Improve forklift truck safety in cold weather
28 January 2019
Health and safety takes on another dimension in winter, especially when it comes to operating equipment and machinery. Kelly Friel, digital product manager at PPE and tool supplier Zoro, explains how you can improve your forklift safety during the cold months:
There are over 1000 serious injuries in the UK every year as a result of forklift truck accidents, according to the Fork Lift Truck Association. As you might expect, the frequency of these events increases during the winter, when the days are darker and conditions are more hazardous. A lot of the time, these accidents come about due to human error, whether that's not wearing the correct equipment, not following the proper vehicle safety procedure, or a lack of training on working in poor conditions.
Once the mercury drops, working conditions can start to have a negative effect on workers. Being exposed to cold temperatures for a prolonged period of time can cause cold stress, hindering employees' concentration levels and impacting their cognitive abilities. This is particularly dangerous for those that are responsible for using large and complicated machinery, such as forklift operators.
In winter, employers will need to provide insulated clothing such as coats and thermal layers, as well as hats, hat liners, and gloves. Employers will also need to consider implementing hi-vis clothing, such as trousers and jackets, as well as selecting sturdy and waterproof footwear options.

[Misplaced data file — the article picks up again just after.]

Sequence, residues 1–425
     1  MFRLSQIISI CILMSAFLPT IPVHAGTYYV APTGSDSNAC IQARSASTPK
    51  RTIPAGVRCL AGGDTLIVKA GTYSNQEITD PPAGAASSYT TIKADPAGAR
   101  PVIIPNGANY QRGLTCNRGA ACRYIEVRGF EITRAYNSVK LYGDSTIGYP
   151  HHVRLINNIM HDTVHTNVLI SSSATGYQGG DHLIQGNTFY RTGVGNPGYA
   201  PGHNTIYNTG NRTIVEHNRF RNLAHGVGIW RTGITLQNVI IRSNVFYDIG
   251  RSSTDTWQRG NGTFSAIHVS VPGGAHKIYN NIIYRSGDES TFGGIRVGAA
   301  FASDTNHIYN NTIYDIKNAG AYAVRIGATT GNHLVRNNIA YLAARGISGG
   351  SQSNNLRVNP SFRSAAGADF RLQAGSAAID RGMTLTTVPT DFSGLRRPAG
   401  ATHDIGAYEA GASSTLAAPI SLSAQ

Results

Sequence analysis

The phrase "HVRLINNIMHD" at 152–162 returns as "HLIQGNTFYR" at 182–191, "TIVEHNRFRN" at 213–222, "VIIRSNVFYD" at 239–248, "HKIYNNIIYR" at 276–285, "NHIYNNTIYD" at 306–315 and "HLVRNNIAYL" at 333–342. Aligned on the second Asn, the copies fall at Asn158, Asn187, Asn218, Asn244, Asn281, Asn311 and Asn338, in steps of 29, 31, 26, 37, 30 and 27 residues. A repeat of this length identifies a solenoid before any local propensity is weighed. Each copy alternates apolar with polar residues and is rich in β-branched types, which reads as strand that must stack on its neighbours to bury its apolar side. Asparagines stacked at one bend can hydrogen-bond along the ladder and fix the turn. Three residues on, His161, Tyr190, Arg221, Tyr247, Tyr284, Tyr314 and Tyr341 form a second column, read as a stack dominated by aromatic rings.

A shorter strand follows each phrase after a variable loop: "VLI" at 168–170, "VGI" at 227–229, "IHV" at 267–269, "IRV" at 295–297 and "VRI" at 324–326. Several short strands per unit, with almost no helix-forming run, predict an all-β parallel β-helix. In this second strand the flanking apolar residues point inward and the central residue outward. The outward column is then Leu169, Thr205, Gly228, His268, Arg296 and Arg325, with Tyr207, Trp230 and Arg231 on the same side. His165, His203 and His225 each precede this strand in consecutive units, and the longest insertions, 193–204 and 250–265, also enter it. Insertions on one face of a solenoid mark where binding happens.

Making sure workers have the right equipment is crucial to winter safety, but so is proper training. You must ensure that all workers are qualified in the jobs they are doing, especially when it comes to operating machinery. Forklift operators who have been trained to a high standard will be more comfortable behind the wheel and able to minimise risk, improving safety for everyone.
While anyone can operate a forklift without a license (unless using a public road), it is important that operators are briefed to take things slower when conditions are bad and, if necessary, hold off on the job until the weather improves. It might be a good idea to supplement on-site learning with an online health and safety course, so workers are fully aware of safe practices.
Just like humans, working in cold weather is also bad for forklifts. That's why forklift protection is just as important as PPE. Aside from following the general safety advice that comes with the forklift, it might be an idea to purchase some forklift covers, which can protect the cab from wind and rain. If possible, get pneumatic tyres installed to increase stability when conditions are bad – just be sure to check your forklift handbook to see if this is suitable for yours. If this isn't appropriate for your forklift, tyre chains and studs can be used for additional grip in ice and snow.
Care should be taken at all times when operating a forklift, but especially so during dark and icy conditions. If working at night, it is wise to increase visibility by using floodlights, and even install additional lights onto the vehicles themselves. Forklifts should be looked after to ensure they have plenty of fuel, oil, and de-icer, and regular checks should be carried out on each forklift. Before use, operators should always allow the forklift to warm up for several minutes so the engine can be kept at optimal performance.
By making sure workers know what they are doing, forklifts are properly maintained, and care is taken, you can drastically reduce the chances of an accident happening this winter. This article is to be used as a brief introduction to improving forklift safety during winter. For further information on employer responsibility and PPE, please visit the HSE website.